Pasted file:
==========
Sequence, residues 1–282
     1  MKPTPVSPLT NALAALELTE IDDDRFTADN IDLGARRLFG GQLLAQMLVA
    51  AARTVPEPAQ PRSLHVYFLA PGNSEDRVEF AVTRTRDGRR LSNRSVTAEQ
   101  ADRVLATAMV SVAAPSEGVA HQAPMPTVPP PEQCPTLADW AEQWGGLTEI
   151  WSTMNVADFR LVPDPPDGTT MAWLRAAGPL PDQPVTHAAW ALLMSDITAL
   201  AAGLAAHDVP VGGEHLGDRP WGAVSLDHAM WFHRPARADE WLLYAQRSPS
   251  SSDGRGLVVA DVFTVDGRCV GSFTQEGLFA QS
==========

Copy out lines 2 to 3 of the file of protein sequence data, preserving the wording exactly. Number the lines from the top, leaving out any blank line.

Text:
     1  MKPTPVSPLT NALAALELTE IDDDRFTADN IDLGARRLFG GQLLAQMLVA
    51  AARTVPEPAQ PRSLHVYFLA PGNSEDRVEF AVTRTRDGRR LSNRSVTAEQ